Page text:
(p.140), "I construed it quite another Way, namely, that he aim'd at the Money" (p.143).
She is more joyfull at the money lavished on her than at the affection she might obtain
from her lover, as for instance in the case of the will in her favour written by the Lodger:
"He gave me my Writings, and the Bond for my Maintenance during his Life, and for
500 l. after his death" (p. 44).
"so I granted him the Favour […] to balance the Account of Favours receiv'd from
After she marries the Dutch Merchant according to her own conditions, she says :
"I hop'd he was satisfied I had paid the Debt, by offering myself to be chain'd ; but was
infinitely Debtor to him another way, for letting me remain free" (p.225).
In this period she is fascinated by the glittering of gold, and she admires her lovers'
wealth. It is no wonder then that she connects with Sir Robert Clayton, a man who knows arts
of improving Money or that she is virtually lost without the help of her dear Amy, who did all
her business. She acknowledges to the reader, but not to the Dutch Merchant, that
"tho' I cou'd give up my Virtue, and expose myself, yet I wou'd not give up my Money"
Being aware of all her vices, and although she exposes them to, she repeatedly tries to
justify her behaviour.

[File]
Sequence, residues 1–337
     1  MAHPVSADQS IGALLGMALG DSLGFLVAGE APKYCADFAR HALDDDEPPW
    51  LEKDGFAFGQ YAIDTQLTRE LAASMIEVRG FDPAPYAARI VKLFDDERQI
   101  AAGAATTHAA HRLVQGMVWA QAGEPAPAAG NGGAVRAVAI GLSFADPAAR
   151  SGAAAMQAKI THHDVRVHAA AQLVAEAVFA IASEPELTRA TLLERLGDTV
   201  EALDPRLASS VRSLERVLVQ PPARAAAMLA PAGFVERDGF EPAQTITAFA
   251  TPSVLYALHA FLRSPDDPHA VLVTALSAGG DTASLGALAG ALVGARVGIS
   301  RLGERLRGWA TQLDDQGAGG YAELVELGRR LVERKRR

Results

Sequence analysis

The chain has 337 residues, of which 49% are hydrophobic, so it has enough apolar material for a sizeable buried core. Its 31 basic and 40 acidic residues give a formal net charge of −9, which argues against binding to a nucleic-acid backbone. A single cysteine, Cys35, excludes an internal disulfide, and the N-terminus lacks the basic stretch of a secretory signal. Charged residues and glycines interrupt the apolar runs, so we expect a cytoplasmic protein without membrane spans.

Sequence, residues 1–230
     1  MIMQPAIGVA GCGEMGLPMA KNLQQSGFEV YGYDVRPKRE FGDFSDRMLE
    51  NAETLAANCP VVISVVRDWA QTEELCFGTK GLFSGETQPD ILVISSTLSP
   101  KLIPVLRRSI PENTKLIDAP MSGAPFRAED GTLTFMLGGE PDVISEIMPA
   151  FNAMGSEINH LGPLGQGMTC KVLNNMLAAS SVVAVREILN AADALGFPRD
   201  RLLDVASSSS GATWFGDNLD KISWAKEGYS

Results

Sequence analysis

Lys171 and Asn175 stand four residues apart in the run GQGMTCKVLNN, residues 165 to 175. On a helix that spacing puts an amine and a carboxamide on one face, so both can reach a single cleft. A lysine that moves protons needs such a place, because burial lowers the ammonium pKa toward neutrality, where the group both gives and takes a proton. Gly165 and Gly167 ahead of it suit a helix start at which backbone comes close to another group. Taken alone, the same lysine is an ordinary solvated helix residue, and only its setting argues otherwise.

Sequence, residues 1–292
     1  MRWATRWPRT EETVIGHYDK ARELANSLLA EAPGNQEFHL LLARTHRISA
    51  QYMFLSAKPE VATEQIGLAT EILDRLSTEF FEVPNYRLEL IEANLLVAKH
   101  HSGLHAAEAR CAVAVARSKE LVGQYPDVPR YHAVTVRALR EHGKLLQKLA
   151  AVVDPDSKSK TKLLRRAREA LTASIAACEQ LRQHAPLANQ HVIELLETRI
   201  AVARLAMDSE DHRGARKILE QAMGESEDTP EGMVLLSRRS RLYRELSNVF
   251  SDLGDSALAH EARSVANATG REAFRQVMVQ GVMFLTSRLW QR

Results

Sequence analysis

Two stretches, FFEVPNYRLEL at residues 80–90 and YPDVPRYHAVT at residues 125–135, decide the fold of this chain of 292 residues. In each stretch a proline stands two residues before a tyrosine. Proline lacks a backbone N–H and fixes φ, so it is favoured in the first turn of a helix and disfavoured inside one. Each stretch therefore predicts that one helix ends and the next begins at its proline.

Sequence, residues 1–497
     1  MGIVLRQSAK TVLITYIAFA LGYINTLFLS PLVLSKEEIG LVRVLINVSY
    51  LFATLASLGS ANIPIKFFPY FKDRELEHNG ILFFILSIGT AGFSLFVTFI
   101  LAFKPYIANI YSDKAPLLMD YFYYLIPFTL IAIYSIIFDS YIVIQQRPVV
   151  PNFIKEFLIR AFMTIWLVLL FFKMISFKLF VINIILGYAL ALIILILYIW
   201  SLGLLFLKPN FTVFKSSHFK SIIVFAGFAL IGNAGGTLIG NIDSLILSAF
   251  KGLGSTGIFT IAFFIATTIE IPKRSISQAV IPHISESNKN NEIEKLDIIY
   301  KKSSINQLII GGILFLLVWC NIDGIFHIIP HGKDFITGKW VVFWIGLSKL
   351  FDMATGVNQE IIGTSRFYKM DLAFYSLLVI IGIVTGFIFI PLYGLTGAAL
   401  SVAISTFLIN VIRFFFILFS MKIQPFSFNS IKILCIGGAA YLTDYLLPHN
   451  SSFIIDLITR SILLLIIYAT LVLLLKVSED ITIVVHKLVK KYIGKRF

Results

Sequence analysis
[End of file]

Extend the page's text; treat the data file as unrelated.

What is striking at first glance about the novel is that it has no definite. The novel is
full of chronological inconsistencies. For instance, the events are supposed to occur under the
reign of Charles II, but he died in 1685, and Roxana arrives in England in 1688 aged ten. How
could she have been Charles II's mistress ? This is but another clue to remind us that it is a
work of fiction, and not an historical document. The unexpectedly sudden end is no exception,
for some of the events narrated have a similar suprising ending. For example, the
disappearance of the first husband, the end of her affair with the Prince, or the murder of her
"The most cursed Piece of Hypocrisie […], Grimace and Deceit ; a Piece of meer
Manage, and fram'd Conduct" (p.300)
That is the definition Roxana gives of herself. If truth can be considered as a bond
regulating normal verbal exchanges, Roxana weaves a very efficient network of lies, in order
to protect her actual identity as a high-class prostitute. She perverts the usual forms of
communication by her almost compulsive lies. She lies to have her husband the jeweller
buried in holy and a rumour in the newspapers saying that he had been stolen after he had
been murdered, she adds that he had with him a fine Diamond Ring valued at 100 Pistoles, a
Gold Watch, and a great Quantity of Diamonds of inestimable Value, in his Casket. She lies
again to the Prince when she tells him in tears that she is left almost totally poor - and we can
notice the irony of the passage when she says:
"it was impossible to Estimate the Loss which I had sustain'd, besides that of the Life
of my Husband" (p.59).
The death of her husband comes as a second thought, where one would have thought
that by "great loss", she said indirectly primarily, if not only, to the fate of her late husband.
She is passed mistress in the art of flattery too, knowing for instance perfectly what
was very agreeable to the Prince. She knows how to lure people with sweet words and she is